It seems everyone has to have a survey. Sometimes websites now have surveys one has to take if you want to see what they are selling. If not a survey, they have a list of things for you to fill out. This is not a “paywall” like some newspapers and publications have, but in a way it is, because they get free information about you. Politicians have surveys. Just about every professional organization develops surveys, which in turn, help to generate statistics they use for some cause or business purpose and support.
Many years ago, noted PEW Research took a survey about usage of the Internet when broadband use was just appearing. They came up with the conclusion that one could get more “work” done with broadband. I decided to look at the data which they supplied and found that much of the usage was used for watching TV or listening to Radio. If one considers the latter “work” then the conclusion was true, but I don’t think they even told survey takers what they considered “work” since in my mind their conclusion did not support “more work done.”
Some professional who have no idea about what to put into a “research” survey, give a survey online for colleagues to fill out, hoping they learn from the information, what they themselves should be doing or show the bosses what they should be doing—even though such activity might not be appropriate in their particular case or situation. Sometimes these are generated to see if they can get support within, for something they are not doing currently.
The American Library Association, collect surveys and statistics to help build “benchmarks” for the constituency, coming up with “Best Practices” scenarios by the numbers for all—as if every library in an organization has the same patronage, budgets, the same size, or the same needs. True, ALA does evaluate within certain lines, small, medium, and large, but sometimes the range between lowest medium, and highest median can be significant. Actually they did come up with a number of books one should have in a library, a “standard,” for the number of patrons they have. I was able to use this successfully for our state prison general library, but not for the staff or legal libraries also there.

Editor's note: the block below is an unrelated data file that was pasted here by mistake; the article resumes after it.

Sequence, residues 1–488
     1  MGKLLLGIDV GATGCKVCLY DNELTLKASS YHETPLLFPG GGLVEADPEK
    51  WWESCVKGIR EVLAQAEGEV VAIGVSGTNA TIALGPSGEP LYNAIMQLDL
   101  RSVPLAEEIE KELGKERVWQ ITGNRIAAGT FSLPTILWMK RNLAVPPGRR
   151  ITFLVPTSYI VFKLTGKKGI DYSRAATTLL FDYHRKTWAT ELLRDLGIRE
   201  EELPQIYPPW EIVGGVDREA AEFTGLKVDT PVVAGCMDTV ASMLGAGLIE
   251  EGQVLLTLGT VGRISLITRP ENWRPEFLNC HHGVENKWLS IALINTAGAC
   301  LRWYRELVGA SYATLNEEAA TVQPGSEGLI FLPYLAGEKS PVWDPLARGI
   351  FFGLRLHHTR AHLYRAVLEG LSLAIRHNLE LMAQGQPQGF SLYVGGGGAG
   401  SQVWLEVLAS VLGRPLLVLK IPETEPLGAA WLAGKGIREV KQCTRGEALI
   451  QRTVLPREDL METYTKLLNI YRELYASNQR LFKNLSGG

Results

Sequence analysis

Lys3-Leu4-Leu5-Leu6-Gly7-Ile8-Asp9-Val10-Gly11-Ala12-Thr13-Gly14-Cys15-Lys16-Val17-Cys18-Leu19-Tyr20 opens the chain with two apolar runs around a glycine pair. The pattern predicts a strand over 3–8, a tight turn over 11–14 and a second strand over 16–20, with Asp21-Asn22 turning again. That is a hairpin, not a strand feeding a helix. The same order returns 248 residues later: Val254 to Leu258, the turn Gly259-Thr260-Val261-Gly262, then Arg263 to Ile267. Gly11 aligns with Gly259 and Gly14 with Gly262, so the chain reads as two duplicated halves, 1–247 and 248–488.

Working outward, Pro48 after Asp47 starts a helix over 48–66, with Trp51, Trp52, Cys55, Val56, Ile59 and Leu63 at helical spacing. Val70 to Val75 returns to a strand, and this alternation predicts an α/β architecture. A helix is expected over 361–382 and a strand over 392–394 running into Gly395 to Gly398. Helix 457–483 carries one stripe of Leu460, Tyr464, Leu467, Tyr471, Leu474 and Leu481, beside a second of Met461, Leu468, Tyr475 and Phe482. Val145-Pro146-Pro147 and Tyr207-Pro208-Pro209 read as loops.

I guess what I’m trying to say is—I don’t like surveys very much because in final analysis we don’t always agree on what they tell us anyway, or why, or how a particular question was asked in the first place. And of course it’s easy to spot a biased politician’s question—the question, not the politician. That’s because they always ask sometimes two questions within the same question. Their questions assumes something that may not be correct. In law, that’s called “leading the witness.” Politicians rarely let you answer somewhere in between their structured question. They apparently don’t want to hear those answers.
This is a reminder to me of the problem noted in Suzanne Langer’s book; Philosophy in a new Key; “The way a question is asked limits and disposes the ways in which any answer to it—right or wrong—may be given.” This was published back in 1941 and in the 50s, in a Mentor paperback. Since then, there is a plethora of books and articles about asking questions, and taking on surveys.